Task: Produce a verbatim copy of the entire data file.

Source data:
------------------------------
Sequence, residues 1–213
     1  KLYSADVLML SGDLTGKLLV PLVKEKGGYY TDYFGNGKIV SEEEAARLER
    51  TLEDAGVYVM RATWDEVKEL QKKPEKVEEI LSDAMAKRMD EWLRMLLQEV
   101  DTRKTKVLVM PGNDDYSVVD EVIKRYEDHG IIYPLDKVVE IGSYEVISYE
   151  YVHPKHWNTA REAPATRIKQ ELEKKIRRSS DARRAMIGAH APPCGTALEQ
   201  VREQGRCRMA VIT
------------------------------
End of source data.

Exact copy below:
Sequence, residues 1–213
     1  KLYSADVLML SGDLTGKLLV PLVKEKGGYY TDYFGNGKIV SEEEAARLER
    51  TLEDAGVYVM RATWDEVKEL QKKPEKVEEI LSDAMAKRMD EWLRMLLQEV
   101  DTRKTKVLVM PGNDDYSVVD EVIKRYEDHG IIYPLDKVVE IGSYEVISYE
   151  YVHPKHWNTA REAPATRIKQ ELEKKIRRSS DARRAMIGAH APPCGTALEQ
   201  VREQGRCRMA VIT